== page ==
Witness the response of people in the West to the tsunami in 2004. While Bush and Blair offered stricken countries aid worth less than the cost of Bushís inauguration party, ordinary humanity reached out. More than charity, their generosity was, I believe, a spontaneous attempt to reclaim the politics of community, morality and internationalism. It was a statement to the warmongers and the neoliberal fanatics that we, the people, are different from them.

 

In Britain today, the majority of opinion polls leave no doubt that most people revile Blair as a liar. In the years Iíve lived in Britain, Iíve never known such contempt for a prime minister. In the last two British general elections, barely a fifth of the eligible adult population voted for the Blair government--the lowest turnout since the vote was won a century ago.

 

That wasnít apathy, as the media like to tell us. It was, and it is a general strike.

The great liberal thinker Walter Lippmann once described the public as a bewildered herd. This contempt is shared today by those who claim his elite legacy, in politics and the media. Why? Because they fear that the so-called herd will suddenly change direction.

They fear this because they know their power is not invincible. Thatís why they expend so much energy and wealth trying to distract and deceive us. Thatís why the New York Times on Thursday of this week carried a full-page decrying the campaign for sanctions against Israel. There was a sense of panic about that ad. Why? Because the boycott campaign is growing, and growing fast--and Tel Aviv and Washington fear its power.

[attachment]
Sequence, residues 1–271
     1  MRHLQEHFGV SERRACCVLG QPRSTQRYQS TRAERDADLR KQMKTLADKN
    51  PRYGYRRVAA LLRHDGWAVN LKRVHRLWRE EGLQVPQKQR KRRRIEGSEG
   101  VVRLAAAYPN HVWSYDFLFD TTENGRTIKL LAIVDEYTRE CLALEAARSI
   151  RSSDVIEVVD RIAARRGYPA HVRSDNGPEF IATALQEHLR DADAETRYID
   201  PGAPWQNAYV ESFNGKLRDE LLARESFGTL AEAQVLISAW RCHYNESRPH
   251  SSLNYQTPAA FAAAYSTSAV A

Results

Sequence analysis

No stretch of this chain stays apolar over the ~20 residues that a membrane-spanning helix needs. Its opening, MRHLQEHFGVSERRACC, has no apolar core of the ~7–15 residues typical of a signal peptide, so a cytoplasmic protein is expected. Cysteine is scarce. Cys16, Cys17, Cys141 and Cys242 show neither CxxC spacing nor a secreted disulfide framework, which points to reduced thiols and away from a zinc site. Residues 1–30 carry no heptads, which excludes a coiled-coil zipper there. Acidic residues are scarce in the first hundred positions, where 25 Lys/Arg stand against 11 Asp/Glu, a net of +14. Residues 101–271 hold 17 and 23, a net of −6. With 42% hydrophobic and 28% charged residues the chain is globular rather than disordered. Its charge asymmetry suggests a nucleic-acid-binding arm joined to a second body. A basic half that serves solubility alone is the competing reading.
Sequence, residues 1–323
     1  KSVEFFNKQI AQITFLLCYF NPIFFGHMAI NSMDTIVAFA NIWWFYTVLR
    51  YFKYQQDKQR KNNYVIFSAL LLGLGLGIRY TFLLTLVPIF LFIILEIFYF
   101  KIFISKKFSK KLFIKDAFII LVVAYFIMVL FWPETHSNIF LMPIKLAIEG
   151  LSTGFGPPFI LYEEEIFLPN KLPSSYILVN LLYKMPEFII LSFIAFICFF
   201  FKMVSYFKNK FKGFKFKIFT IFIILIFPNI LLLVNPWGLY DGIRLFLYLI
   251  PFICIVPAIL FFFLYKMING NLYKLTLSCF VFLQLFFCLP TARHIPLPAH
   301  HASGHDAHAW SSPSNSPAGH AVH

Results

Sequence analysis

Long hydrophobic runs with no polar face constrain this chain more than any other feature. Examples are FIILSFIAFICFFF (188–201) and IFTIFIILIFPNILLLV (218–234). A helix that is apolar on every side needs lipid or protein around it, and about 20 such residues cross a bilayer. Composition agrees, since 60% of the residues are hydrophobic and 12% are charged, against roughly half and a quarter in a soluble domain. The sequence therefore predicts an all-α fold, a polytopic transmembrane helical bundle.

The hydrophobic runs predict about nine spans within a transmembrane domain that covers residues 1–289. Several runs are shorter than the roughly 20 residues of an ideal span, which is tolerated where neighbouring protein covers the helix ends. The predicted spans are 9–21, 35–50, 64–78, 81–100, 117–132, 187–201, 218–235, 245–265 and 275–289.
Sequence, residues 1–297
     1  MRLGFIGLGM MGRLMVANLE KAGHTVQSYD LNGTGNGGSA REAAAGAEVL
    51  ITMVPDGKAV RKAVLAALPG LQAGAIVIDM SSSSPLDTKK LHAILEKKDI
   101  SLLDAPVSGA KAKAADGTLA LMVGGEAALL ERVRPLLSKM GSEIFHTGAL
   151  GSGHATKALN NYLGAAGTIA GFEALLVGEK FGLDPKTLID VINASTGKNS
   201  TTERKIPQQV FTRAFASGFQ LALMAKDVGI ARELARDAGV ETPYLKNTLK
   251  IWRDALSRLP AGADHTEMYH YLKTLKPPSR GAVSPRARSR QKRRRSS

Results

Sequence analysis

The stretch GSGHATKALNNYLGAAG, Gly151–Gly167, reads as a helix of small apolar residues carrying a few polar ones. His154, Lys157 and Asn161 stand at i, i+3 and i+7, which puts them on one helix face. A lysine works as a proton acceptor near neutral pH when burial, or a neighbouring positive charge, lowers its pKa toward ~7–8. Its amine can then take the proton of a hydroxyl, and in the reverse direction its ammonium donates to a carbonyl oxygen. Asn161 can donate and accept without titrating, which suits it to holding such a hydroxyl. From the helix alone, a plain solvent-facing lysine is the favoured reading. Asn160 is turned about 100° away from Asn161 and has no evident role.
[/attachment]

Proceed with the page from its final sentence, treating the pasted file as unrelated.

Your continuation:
Of course, there are those who argue that ordinary people have been successfully distracted. Well, if they have, the anesthetic is wearing off.

Who would have predicted--including, perhaps, some of you here tonight--those recent huge demonstrations of anger by Latino immigrants? Here were the lowest-paid, the most brutalized, suddenly demonstrating their power. I must admit, I looked at the pictures of that great militant spectacle on the streets of America, and felt both admiration and a sense of longing.